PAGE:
Death of World’s Oldest Man One Less Link to the 1800s «

    Death of World’s Oldest Man One Less Link to the 1800s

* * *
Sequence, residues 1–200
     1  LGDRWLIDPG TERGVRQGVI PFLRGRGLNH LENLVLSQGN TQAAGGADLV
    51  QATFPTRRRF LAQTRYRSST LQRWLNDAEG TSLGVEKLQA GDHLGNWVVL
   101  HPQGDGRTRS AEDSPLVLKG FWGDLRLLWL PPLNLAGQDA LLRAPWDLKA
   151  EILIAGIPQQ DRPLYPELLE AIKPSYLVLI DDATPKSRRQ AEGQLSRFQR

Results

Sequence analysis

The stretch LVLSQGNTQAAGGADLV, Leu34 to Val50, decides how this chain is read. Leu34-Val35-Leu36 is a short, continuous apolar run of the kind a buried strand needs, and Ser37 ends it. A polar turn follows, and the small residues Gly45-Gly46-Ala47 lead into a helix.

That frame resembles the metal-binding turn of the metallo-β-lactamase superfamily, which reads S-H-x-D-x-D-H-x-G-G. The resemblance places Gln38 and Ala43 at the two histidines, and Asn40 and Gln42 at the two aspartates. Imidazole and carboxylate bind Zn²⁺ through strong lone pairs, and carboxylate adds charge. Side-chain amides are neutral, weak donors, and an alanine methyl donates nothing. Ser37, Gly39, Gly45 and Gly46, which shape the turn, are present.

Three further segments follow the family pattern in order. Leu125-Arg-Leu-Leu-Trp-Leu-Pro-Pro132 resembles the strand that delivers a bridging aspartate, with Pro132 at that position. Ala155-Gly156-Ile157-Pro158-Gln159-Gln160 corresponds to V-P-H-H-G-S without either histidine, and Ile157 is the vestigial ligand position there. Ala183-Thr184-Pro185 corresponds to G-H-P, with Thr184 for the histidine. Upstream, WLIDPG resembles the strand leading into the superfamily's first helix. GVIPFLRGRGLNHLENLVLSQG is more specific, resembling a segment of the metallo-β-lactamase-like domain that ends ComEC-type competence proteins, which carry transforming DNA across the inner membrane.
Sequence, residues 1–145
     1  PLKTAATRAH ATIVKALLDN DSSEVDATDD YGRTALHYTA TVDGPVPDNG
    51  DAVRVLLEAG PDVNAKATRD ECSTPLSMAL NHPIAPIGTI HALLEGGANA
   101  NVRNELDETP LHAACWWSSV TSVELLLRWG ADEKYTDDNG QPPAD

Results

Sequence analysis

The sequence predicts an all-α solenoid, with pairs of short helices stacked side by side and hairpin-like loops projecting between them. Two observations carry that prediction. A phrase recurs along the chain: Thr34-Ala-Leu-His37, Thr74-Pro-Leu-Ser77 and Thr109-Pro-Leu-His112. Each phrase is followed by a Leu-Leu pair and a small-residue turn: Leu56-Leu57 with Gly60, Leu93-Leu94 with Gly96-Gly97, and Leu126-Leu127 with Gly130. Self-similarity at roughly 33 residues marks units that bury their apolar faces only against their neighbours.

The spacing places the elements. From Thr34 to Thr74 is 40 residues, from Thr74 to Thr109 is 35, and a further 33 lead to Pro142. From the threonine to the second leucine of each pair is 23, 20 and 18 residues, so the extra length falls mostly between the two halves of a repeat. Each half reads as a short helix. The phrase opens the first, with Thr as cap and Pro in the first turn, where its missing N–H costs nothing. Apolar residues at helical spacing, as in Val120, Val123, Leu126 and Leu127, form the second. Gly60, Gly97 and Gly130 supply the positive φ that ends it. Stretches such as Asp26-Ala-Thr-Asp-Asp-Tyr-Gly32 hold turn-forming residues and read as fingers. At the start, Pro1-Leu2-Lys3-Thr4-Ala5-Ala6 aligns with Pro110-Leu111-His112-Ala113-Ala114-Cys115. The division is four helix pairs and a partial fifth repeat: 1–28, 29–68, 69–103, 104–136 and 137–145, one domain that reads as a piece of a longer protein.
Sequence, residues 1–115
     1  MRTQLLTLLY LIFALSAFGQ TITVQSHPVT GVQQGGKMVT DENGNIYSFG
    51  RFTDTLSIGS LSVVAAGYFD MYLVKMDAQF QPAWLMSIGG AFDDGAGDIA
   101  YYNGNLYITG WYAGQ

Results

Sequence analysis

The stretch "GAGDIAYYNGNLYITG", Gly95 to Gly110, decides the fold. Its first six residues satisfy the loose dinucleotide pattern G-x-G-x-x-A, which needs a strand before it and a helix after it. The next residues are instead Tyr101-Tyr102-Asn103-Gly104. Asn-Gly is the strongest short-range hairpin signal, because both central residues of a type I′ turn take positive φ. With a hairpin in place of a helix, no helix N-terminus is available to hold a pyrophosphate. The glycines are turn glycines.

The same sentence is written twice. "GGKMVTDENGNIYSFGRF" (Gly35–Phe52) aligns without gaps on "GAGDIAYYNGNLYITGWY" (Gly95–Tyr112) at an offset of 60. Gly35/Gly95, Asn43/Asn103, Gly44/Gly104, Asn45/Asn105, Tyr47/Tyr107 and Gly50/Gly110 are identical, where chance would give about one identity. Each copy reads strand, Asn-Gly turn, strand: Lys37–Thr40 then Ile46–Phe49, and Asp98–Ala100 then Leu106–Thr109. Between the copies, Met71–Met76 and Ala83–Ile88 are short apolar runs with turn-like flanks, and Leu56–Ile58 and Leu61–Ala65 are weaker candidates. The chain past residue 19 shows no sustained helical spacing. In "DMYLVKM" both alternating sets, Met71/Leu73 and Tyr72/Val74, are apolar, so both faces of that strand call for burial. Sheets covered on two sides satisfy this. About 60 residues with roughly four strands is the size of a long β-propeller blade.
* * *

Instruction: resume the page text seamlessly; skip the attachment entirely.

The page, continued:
COMMENTARY | Walter Breuning passed away Thursday at the age of 114, vacating his spot as the world’s oldest living man. He was 26 days younger than Besse Coope, who is currently at the top of the list as the oldest living person. This death comes as no surprise. The ultimate statistic is that 10 out of 10 people will die. Besse will someday pass away as well, and another supercentenarian will be in line to take her place as the oldest living person. Currently that person is Chiyono of Japan. When she passes, another will be in line. This chain will continue as long as people are around. When a member of this elite crowd of supercentenarians dies, we react differently than when we hear of the death of a person of younger age. Living past 100 years is a feat that most of us can’t even imagine. Living past 110 — that simply seems impossible. Instead of mourning a death, we find ourselves celebrating with awe and wonder a life that has seen more things than we can imagine. Breuning lived in a time before cars, before TV, before most of the things that we take for granted. He lived through events that we can only read about in history books, such as World War I. Most amazing, though, is that he lived during the 1800s. The same awe and wonder will always be associated with members of the oldest living people. In 100 years from now, people will be dumbfounded by those of us who can remember life as simple as it currently is. The thing that will be missing shortly, though, is the link to the 1800s. That link is almost completely gone. When Breuning died, he left only 53 known members of the supercentenarian club who were born in the 19th century. That number will quickly dwindle to none. When that happens, our link with that portion of history will forever be gone. This link is quickly fading for other portions of our history as well. Recently, the last veteran of WWI passed away. When he died, any untold stories from that time were lost forever. The same will soon apply to the Great Depression. There are fewer people each day who can remember that horrible time in our nation’s history. When they leave this Earth, so will their stories. Of course, we have no power over death. People are going to continue to die. Our lesson in this is to not take for granted the history available to us. Before it’s too late, we need to do a better job of writing down the memories of those who have seen more than we can imagine. We need to write down the histories and stories of those around us. Our moms and dads, grandmas and grandpas, brothers and sisters all lived this life differently than anyone else in history. When they pass away, they take that with them.

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